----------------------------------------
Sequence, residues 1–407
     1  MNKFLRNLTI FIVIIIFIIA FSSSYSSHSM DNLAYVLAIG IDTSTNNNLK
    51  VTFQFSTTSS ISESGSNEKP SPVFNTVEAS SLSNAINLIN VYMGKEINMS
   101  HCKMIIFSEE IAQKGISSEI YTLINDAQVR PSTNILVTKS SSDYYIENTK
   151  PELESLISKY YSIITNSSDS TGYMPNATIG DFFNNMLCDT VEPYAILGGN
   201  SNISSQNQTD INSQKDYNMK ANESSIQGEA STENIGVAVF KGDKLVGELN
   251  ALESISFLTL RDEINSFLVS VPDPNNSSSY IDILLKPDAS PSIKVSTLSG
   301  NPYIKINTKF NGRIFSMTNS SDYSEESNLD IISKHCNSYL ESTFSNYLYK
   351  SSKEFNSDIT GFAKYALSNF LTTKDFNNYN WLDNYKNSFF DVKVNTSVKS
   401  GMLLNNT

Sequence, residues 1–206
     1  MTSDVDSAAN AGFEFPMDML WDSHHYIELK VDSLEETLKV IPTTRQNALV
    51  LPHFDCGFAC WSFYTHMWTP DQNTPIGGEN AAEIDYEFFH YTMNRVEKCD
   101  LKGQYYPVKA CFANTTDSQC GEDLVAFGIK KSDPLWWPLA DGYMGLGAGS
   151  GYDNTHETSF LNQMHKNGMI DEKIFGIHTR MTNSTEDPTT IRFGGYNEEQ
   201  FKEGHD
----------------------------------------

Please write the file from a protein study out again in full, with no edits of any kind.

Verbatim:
Sequence, residues 1–407
     1  MNKFLRNLTI FIVIIIFIIA FSSSYSSHSM DNLAYVLAIG IDTSTNNNLK
    51  VTFQFSTTSS ISESGSNEKP SPVFNTVEAS SLSNAINLIN VYMGKEINMS
   101  HCKMIIFSEE IAQKGISSEI YTLINDAQVR PSTNILVTKS SSDYYIENTK
   151  PELESLISKY YSIITNSSDS TGYMPNATIG DFFNNMLCDT VEPYAILGGN
   201  SNISSQNQTD INSQKDYNMK ANESSIQGEA STENIGVAVF KGDKLVGELN
   251  ALESISFLTL RDEINSFLVS VPDPNNSSSY IDILLKPDAS PSIKVSTLSG
   301  NPYIKINTKF NGRIFSMTNS SDYSEESNLD IISKHCNSYL ESTFSNYLYK
   351  SSKEFNSDIT GFAKYALSNF LTTKDFNNYN WLDNYKNSFF DVKVNTSVKS
   401  GMLLNNT

Sequence, residues 1–206
     1  MTSDVDSAAN AGFEFPMDML WDSHHYIELK VDSLEETLKV IPTTRQNALV
    51  LPHFDCGFAC WSFYTHMWTP DQNTPIGGEN AAEIDYEFFH YTMNRVEKCD
   101  LKGQYYPVKA CFANTTDSQC GEDLVAFGIK KSDPLWWPLA DGYMGLGAGS
   151  GYDNTHETSF LNQMHKNGMI DEKIFGIHTR MTNSTEDPTT IRFGGYNEEQ
   201  FKEGHD